So, proportionately, with advances in dealing with these various factors as we evolve such as through medicine and enlightened thinking, we see those with disabilities represented more accurately now than during Roman times. In Roman times, there were almost 50% living with a disability and certainly a mis/underrepresentation of this in the cultural forms emanating from privileged spheres – the ‘fashionable households’ – such as literature. Most plebeians could not write. This serves and reaffirms the psychological function of distancing the disabled figure from the reader in casting them as the “other”. It’s important to remember that most people with disabilities in the Roman world would really have existed on the margins of society, condemned to lives of poverty and isolation, resulting in a real cultural segregation. The general public who did not have disabilities would have readily accepted those with disabilities as ‘alien’ and placed little value on their place in society. This goes to show that we quite rightly admire Roman art, literature, architecture and philosophy for the influence they exert on us to this day, it is important to remind ourselves of the darker side of Roman culture.
Now, we have around 20% of the population living with a disability, and there is recognition of the good work going into “ensuring the continued advancement of positive educational and life outcomes” for those with disabilities. Proportionately, we are doing well. However, should we not be more ashamed of this? Have we done too little since the Romans in ridding ourselves of ignorant and hurtful stereotypes? Has this language been passed down through the ages in the form of literature?
The simple answer is yes. While there may well be references to disabilities in past and current cultures, some of them even placing disabilities at the centre of a privileged life, disability is often only included as a subject of fascination; a fashion. Those characters with disabilities have been ready to serve the onlookers fascination or ego, and never expected to go beyond the pale of the purely superficial. They are a visual spectacle, a ‘freak-show’, the ‘Other’.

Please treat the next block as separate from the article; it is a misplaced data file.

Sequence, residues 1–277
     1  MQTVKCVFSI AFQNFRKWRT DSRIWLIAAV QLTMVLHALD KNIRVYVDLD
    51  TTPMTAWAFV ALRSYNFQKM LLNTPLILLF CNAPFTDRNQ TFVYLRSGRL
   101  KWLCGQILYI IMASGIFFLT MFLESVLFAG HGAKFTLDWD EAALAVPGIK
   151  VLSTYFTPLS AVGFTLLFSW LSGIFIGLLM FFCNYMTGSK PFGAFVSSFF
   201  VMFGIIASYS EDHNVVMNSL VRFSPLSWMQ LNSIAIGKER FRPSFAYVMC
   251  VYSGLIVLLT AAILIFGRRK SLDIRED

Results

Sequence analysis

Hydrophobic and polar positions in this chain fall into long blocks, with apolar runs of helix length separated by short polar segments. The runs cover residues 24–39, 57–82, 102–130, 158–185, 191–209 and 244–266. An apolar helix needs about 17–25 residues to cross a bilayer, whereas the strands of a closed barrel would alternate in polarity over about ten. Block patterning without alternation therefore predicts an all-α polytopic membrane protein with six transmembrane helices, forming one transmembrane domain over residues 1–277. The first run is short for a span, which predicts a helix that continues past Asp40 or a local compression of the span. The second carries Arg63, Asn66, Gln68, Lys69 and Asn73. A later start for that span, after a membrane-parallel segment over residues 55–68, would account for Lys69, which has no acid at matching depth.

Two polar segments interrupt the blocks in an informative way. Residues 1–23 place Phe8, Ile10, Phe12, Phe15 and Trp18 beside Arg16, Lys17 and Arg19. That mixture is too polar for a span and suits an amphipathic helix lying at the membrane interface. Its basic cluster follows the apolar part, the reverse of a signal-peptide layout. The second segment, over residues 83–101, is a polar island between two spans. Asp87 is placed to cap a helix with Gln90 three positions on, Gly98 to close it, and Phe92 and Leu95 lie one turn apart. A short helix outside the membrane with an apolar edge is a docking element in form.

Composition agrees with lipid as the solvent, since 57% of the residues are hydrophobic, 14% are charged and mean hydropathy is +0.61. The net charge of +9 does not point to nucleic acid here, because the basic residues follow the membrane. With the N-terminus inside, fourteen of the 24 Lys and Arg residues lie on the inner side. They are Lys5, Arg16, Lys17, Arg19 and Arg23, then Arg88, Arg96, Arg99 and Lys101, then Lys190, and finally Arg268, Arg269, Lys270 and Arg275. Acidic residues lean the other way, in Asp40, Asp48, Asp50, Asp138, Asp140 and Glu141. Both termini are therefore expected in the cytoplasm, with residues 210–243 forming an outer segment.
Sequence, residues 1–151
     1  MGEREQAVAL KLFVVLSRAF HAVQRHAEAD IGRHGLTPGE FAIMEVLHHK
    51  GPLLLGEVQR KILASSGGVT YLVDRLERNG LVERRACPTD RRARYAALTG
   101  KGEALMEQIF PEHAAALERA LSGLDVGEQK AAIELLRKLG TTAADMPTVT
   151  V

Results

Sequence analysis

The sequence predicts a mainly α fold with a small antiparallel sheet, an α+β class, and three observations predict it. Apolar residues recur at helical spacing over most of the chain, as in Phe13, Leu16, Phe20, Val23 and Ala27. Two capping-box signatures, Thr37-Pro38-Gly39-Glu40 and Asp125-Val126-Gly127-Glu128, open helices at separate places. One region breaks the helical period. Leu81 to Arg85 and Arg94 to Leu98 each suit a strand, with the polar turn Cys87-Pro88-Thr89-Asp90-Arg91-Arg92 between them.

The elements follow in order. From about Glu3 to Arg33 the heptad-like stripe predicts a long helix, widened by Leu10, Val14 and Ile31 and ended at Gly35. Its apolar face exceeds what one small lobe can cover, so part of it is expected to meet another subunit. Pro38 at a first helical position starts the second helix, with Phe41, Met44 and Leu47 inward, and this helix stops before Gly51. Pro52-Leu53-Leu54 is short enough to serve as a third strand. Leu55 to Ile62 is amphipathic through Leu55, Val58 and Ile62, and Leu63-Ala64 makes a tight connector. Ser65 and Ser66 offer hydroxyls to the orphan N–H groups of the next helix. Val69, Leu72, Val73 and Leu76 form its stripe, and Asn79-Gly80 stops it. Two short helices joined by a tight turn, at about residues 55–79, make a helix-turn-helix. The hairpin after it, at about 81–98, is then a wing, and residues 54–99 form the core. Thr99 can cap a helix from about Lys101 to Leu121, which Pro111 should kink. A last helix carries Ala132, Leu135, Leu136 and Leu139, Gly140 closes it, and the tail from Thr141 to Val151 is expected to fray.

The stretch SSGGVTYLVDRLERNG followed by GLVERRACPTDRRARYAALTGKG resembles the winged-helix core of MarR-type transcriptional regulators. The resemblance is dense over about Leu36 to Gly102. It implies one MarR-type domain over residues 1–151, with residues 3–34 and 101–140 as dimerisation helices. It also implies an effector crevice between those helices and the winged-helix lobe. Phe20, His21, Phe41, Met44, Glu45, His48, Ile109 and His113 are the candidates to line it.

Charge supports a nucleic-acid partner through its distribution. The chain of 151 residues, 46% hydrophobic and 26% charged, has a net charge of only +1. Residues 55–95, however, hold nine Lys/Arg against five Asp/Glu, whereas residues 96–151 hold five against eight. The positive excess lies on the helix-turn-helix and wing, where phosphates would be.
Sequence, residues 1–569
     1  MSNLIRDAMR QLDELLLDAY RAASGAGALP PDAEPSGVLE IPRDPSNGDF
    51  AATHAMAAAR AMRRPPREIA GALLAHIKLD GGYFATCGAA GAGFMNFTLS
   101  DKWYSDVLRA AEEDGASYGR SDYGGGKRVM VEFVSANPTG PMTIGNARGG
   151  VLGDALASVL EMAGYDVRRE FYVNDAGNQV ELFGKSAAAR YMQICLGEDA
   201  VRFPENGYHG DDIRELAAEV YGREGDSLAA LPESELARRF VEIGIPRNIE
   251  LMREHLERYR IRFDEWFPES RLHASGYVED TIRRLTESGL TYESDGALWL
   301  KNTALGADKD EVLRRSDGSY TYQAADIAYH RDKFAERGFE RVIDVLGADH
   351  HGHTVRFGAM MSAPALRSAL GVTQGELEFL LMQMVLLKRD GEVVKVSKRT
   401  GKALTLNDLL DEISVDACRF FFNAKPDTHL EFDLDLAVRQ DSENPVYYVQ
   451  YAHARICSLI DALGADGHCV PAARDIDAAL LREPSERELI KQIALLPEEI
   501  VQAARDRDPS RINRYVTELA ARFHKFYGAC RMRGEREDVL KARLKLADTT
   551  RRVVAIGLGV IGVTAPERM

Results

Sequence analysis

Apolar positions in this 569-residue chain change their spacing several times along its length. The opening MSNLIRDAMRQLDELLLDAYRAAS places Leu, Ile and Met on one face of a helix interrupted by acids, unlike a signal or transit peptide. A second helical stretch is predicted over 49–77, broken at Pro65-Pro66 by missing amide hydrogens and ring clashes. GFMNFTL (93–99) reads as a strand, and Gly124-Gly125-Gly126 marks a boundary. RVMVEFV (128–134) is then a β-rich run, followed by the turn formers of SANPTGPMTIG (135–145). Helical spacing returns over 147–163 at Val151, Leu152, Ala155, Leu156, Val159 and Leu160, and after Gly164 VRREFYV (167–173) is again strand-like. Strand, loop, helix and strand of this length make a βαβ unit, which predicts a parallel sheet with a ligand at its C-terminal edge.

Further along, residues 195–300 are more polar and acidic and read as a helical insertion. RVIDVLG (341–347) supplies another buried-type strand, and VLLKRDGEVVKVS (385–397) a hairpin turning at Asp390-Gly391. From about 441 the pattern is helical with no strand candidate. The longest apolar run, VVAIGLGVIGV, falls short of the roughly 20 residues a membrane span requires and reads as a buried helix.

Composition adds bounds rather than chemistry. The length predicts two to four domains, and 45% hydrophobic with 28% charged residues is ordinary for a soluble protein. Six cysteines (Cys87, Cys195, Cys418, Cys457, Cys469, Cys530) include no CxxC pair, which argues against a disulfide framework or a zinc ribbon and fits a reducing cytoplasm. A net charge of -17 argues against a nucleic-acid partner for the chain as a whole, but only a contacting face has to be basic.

There are, of course, inherent difficulties in creating a convincing internal voice for a character whose life and experiences the author cannot share. Arguably, the less the author shares with the character the greater the creative challenge will be. However, creating characters who are different from themselves and inhabiting their worlds is precisely what authors of fiction do. Even characters who are of the same race, gender, age and ability as the author must have their internal voices imagined and created, otherwise the work is autobiography. There are only more recent examples of ethical representations of disabled characters that represent reality for people with disabilities. Steinbeck achieved this. This issue of the ethical representation of disabilities has been discussed recently by many scholars. Far from advocating stories of people with disability “overcoming” impairments as the only way to gain respect, they suggest reasonable precautions that may be exercised in describing them. For example, consultations with individuals where possible – “nothing about us without us” – to ensure that they are “depicted as different but not alien, to avoid symbolisms that generates set stereotyped images and to avoid moral attributions to what can be seen as part medical (impairment), part social (disability) condition”.